Birla is reportedly ready to give Vodafone Idea to the Indian government

Birla is reportedly ready to give Vodafone Idea to the Indian government
Kumar Mangalam Birla, Chairman, Aditya Birla GroupBCCL
  • The Indian billionaire with a 27% stake in the telecom operator has reportedly written to the government.
  • In a letter to the government, Birla said potential investors want to see ‘clear government intent’ to have a three-player telecom market.
  • Vodafone Idea’s current market capitalisation stands at ₹24,000 crore, which means Birla’s 27% stake is worth ₹6,500 crore.
Kumar Mangalam Birla, one of the promoters of the beleaguered telco Vodafone Idea, has offered to give up his 27% stake in the company to help it stay afloat.

Post the merger of Vodafone and Idea, Birla owns a 27% stake in the telco, while Vodafone Plc., owns a 44% stake. At the current market capitalisation of around ₹24,000 crore, Birla’s stake is worth ₹6,500 crore.

The shares of Vodafone Idea had gained a little over a percent at 1:50 p.m on August 2 (Monday). The stock has lost over a quarter of its value since the start of the year.

Birla is reportedly ready to give Vodafone Idea to the Indian government
Vodafone Idea share price over the last one monthBSE / Business Insider India / Flourish

In a letter to the Union Cabinet Secretary, Rajiv Gauba, Birla reportedly said he is willing to give up his stake in Vodafone Idea to any state-owned or a domestic financial entity, provided the entity wants to continue operations of Vodafone Idea as a going concern.

“It is with a sense of duty towards 27 crore Indians connected by VIL, I am more than willing to hand over my stake in the company to any entity-public sector/government/domestic financial entity or any other that the government may consider worthy of keeping the company as a going concern,” Birla said in his letter.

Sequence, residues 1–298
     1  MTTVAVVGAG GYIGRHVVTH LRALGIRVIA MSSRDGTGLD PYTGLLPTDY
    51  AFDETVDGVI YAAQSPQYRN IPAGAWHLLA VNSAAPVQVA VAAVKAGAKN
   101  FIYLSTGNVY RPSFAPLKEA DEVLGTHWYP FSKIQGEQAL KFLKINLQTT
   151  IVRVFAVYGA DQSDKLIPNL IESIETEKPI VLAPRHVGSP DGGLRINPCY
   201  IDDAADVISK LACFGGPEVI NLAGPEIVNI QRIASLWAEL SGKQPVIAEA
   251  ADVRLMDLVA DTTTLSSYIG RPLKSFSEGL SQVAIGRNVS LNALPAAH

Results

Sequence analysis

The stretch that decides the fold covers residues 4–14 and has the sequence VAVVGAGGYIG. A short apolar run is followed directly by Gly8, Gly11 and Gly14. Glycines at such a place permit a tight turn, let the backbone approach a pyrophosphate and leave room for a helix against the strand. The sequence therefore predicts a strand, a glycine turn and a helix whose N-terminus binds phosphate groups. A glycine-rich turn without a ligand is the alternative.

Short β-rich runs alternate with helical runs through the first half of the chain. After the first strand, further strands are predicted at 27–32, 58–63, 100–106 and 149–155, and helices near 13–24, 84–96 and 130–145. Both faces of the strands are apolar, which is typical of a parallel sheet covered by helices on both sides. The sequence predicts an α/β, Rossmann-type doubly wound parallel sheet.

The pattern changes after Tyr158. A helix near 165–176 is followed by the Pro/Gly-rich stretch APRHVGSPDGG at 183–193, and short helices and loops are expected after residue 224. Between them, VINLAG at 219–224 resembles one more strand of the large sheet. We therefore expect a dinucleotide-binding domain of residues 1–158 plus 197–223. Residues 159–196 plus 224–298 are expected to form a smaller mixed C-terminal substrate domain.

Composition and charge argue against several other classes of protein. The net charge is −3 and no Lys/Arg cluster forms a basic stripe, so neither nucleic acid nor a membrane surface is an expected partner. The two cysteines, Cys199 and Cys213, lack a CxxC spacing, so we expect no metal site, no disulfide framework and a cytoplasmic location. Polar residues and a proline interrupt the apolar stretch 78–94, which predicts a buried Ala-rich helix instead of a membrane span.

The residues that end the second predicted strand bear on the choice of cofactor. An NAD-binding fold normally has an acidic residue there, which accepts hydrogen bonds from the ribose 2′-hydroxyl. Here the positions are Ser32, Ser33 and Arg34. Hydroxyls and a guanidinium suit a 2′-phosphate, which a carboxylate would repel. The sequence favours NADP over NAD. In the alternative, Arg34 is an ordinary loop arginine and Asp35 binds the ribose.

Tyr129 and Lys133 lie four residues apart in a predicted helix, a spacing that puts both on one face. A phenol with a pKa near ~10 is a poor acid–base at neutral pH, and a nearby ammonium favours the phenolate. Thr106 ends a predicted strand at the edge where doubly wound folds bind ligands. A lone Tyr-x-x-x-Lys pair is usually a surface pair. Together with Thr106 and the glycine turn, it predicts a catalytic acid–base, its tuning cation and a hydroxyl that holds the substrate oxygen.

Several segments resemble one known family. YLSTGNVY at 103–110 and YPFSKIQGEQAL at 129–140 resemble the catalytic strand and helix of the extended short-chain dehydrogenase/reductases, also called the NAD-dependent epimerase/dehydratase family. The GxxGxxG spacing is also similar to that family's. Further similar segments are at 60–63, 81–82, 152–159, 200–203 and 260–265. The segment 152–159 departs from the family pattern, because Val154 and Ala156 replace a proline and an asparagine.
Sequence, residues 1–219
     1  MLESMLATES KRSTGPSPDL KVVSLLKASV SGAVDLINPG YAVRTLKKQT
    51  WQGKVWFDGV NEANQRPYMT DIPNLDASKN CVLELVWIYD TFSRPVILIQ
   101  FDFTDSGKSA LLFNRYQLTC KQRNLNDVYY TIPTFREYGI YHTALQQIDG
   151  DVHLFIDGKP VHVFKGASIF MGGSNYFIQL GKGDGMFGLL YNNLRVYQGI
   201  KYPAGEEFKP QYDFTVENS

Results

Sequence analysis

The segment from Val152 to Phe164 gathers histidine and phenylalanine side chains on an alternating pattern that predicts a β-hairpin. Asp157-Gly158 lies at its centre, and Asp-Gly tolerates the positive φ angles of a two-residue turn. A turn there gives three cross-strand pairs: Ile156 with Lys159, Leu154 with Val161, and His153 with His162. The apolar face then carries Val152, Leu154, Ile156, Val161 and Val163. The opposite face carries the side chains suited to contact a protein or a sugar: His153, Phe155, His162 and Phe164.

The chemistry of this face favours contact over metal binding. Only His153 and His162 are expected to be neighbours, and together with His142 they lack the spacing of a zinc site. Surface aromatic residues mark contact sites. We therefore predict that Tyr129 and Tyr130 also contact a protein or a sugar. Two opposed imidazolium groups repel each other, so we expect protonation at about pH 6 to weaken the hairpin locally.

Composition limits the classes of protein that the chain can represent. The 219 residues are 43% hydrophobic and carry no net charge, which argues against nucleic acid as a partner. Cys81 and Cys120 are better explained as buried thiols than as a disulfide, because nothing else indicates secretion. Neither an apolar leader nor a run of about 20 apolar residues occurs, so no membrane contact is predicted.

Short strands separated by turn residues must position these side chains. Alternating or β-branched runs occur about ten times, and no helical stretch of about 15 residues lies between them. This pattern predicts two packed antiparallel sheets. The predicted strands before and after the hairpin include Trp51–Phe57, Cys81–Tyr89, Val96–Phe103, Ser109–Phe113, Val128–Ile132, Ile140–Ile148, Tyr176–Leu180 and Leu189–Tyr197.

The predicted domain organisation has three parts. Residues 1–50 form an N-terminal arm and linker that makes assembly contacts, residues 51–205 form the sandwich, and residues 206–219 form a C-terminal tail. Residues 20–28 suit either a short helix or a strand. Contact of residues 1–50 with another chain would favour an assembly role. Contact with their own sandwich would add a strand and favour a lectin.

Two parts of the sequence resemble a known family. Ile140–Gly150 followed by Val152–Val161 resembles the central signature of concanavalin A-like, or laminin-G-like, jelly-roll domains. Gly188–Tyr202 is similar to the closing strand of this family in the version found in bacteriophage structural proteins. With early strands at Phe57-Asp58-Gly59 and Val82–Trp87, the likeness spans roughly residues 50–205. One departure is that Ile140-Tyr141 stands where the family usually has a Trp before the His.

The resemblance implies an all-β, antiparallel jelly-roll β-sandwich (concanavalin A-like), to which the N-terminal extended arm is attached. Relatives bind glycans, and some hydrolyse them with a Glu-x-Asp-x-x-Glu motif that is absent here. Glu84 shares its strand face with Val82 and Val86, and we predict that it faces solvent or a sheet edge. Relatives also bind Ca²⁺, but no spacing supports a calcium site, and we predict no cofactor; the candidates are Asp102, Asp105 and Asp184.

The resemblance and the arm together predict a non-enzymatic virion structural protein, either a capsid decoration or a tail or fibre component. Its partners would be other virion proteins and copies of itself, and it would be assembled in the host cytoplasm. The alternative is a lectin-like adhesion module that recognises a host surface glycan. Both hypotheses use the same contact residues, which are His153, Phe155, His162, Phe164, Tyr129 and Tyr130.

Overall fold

Going concern refers to a business that has the assets to meet financial obligations when they fall due.

Vodafone Idea is currently saddled with a debt of ₹1.8 lakh crore, a third of which is due to deferred spectrum license fee, and levy on recalculated revenue from the past to include income from non-telecom operations.

Earlier last month, the Supreme Court refused to give the telco a discount on its retrospective dues, which amount to over ₹50,000 crore. This, combined with deferred spectrum dues of ₹8,292 crore means the company needs funds right now – even though nothing seems to be coming.

Back in September 2020, Vodafone Idea’s board had announced plans to raise up to ₹25,000 crore through debt and equity. Nearly a year later, the plans are yet to yield any results.

The lack of government support seems to be keeping investors at bay, which is something that Birla touched upon in his letter.

“To actively participate in the fund raising, the potential foreign investors want to see clear government intent to have a three-player telecom market (consistent with its public stance) through positive actions on long-standing requests such as clarity on AGR liability, adequate moratorium on spectrum payments and most importantly, a floor pricing regime above the cost of service,” he said.

“In the absence of definitive steps in this regard, the potential investors have understandable hesitation to invest,” he added further.

The government is also considering, according to reports, a slew of long-term measures to help the telecom sector. It may be willing to rewrite the rules to exclude ‘non-telecom’ revenue from the licence agreements, and allow telcos to surrender unused spectrum for a small penalty.

However, it will not affect Vodafone Idea’s present dues and the current financial health. The last word on the issue is yet to be spoken.


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